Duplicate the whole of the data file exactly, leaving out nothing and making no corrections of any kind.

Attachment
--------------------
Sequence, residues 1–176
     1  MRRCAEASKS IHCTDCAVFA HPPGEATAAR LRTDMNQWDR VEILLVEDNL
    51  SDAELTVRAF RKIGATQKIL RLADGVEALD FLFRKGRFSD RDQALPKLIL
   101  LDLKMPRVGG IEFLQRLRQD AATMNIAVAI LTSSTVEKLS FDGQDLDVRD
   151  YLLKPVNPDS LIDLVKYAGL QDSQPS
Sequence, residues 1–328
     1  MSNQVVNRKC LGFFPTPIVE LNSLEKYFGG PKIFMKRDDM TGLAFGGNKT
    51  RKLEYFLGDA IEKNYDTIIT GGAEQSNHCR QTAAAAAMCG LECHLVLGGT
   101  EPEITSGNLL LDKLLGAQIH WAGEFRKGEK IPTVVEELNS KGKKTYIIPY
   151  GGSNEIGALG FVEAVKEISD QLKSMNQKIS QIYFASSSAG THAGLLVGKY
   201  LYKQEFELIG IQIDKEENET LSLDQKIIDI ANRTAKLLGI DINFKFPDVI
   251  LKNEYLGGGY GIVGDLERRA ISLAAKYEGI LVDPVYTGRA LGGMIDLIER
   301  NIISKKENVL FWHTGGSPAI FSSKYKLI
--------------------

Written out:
Sequence, residues 1–176
     1  MRRCAEASKS IHCTDCAVFA HPPGEATAAR LRTDMNQWDR VEILLVEDNL
    51  SDAELTVRAF RKIGATQKIL RLADGVEALD FLFRKGRFSD RDQALPKLIL
   101  LDLKMPRVGG IEFLQRLRQD AATMNIAVAI LTSSTVEKLS FDGQDLDVRD
   151  YLLKPVNPDS LIDLVKYAGL QDSQPS
Sequence, residues 1–328
     1  MSNQVVNRKC LGFFPTPIVE LNSLEKYFGG PKIFMKRDDM TGLAFGGNKT
    51  RKLEYFLGDA IEKNYDTIIT GGAEQSNHCR QTAAAAAMCG LECHLVLGGT
   101  EPEITSGNLL LDKLLGAQIH WAGEFRKGEK IPTVVEELNS KGKKTYIIPY
   151  GGSNEIGALG FVEAVKEISD QLKSMNQKIS QIYFASSSAG THAGLLVGKY
   201  LYKQEFELIG IQIDKEENET LSLDQKIIDI ANRTAKLLGI DINFKFPDVI
   251  LKNEYLGGGY GIVGDLERRA ISLAAKYEGI LVDPVYTGRA LGGMIDLIER
   301  NIISKKENVL FWHTGGSPAI FSSKYKLI